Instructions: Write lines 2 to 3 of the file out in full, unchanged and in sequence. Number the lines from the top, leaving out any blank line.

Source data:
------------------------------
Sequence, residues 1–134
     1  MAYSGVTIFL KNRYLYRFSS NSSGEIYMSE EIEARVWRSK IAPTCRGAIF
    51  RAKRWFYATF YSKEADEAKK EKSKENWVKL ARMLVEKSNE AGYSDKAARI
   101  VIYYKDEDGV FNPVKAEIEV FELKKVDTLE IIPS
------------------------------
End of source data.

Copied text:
     1  MAYSGVTIFL KNRYLYRFSS NSSGEIYMSE EIEARVWRSK IAPTCRGAIF
    51  RAKRWFYATF YSKEADEAKK EKSKENWVKL ARMLVEKSNE AGYSDKAARI